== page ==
Reflections on the City
As a painter of the New York City urban landscape for over 40 years, Sharon Florin has been painting the architecture, street scenes, storefronts and people of her hometown with the hope of capturing what is here today that might be gone tomorrow. She has been dubbed an “urban documentarian.” In addition, many of the new construction projects in and around the city have found their way onto her canvases. Florin is intrigued with the reflections of the older buildings on the newer glass facades, the face of our ever changing city. She is pleased to share these New York urban landscape paintings with native New Yorkers who delight in recognizing specific places and scenes they know as well as with visitors new to the city.
About Sharon Florin
A native New Yorker born in Brooklyn and raised in Queens, Sharon Florin has been painting the New York urban landscape for the past 40 years. Sharon received her BA in Fine Arts from Adelphi University and attended classes at the Art Students League of New York. She has exhibited her work professionally since 1980 in over 20 solo exhibitions and in numerous group shows. Her work can be found in many public and corporate collections including the Museum of the City of New York, The Zimmerli Art Museum at Rutgers, Burson-Marsteller Public Relations among others. Her work has received awards from the National Association of Women Artists, The Catharine Lorillard Wolfe Art Club, The Butler Institute of American Art, and Allied Artists of America, among many others. Florin’s work has been reproduced on book covers and calendars and she has created many commissioned paintings of specific sites and buildings.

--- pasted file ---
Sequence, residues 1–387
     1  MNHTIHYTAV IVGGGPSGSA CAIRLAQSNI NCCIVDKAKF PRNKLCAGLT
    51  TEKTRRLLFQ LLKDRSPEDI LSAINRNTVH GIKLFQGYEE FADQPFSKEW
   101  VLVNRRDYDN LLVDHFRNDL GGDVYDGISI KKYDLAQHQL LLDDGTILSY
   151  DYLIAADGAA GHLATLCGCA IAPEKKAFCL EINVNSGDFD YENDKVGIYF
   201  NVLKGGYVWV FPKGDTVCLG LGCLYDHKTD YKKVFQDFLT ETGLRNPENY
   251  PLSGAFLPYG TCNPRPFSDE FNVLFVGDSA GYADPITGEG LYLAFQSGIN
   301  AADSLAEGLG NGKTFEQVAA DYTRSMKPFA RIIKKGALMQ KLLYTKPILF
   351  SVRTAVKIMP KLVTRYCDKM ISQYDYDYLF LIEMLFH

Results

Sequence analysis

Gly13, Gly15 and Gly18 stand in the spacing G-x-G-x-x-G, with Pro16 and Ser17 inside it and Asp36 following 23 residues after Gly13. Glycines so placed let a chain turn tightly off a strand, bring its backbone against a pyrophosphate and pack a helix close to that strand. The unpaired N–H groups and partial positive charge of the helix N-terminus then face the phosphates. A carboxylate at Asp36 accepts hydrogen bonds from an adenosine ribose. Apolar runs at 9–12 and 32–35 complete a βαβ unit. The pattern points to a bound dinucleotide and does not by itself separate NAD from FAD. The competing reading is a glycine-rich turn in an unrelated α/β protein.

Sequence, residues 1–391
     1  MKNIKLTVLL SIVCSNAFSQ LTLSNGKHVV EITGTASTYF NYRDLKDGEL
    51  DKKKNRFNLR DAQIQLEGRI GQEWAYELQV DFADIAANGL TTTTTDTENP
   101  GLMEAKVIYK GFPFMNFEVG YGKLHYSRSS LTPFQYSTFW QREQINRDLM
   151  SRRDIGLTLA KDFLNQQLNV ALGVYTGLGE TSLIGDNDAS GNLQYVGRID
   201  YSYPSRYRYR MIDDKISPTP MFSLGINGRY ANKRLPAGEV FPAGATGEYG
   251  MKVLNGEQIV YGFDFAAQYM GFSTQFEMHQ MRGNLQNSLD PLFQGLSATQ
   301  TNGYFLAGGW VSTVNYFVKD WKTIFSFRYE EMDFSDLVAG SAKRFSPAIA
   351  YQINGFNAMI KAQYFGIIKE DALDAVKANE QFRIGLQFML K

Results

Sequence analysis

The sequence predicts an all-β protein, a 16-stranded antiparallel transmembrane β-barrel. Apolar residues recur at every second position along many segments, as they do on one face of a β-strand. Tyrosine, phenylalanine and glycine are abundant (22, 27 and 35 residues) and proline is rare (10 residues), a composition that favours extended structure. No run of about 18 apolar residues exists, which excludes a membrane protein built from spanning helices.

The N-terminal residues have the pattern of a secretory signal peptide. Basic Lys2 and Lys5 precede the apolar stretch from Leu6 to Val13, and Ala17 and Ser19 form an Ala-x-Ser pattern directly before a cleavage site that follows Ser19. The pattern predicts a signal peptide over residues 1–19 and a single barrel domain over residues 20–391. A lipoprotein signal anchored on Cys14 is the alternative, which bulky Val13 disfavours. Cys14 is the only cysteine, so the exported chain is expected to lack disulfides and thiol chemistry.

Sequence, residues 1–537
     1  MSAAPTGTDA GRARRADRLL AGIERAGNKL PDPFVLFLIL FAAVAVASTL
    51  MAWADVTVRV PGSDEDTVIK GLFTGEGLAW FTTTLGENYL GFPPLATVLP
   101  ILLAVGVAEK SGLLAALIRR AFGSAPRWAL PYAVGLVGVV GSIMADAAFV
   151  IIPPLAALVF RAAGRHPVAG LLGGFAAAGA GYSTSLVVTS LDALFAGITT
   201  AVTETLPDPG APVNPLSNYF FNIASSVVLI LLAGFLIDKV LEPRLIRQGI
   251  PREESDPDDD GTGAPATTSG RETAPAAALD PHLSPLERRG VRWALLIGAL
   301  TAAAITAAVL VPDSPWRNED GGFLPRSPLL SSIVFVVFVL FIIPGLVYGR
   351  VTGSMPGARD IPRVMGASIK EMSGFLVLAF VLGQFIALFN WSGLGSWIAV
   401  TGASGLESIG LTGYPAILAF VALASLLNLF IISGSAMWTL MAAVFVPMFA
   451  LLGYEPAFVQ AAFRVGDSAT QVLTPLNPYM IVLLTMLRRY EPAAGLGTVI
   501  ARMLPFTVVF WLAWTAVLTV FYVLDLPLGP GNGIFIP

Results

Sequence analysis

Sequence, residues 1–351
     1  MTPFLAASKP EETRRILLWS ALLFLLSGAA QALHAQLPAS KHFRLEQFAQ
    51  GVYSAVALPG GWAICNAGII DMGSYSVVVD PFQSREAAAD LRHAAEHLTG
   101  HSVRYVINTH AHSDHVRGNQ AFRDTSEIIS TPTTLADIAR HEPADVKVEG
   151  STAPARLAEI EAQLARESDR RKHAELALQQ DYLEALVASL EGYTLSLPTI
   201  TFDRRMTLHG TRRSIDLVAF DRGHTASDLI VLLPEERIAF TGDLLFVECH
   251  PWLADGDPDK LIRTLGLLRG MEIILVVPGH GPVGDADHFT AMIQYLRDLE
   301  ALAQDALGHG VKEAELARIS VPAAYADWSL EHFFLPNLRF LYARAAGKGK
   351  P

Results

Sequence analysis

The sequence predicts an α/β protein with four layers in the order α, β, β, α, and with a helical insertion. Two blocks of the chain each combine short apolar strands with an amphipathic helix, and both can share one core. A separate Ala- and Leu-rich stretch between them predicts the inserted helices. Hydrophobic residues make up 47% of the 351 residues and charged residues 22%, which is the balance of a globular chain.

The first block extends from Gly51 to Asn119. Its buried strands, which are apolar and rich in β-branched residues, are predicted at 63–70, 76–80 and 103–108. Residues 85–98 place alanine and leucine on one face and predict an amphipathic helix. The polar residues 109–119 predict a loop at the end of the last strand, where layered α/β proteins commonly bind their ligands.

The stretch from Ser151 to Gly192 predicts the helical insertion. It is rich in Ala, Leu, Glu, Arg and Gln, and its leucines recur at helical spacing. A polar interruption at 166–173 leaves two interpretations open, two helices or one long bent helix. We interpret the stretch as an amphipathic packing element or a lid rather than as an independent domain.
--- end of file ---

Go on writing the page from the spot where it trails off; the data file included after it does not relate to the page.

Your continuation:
For further information about Sharon and her work, please visit her website at http://sharonflorinart.com/ and her blog at sjfnewyork.blogspot.com To make an appointment to see the show outside of posted hours, please email her at firstname.lastname@example.org
This project is supported in part by an award from the National Endowment for the Arts. To find out more about how National Endowment for the Arts grants impact individuals and communities, visit www.arts.gov.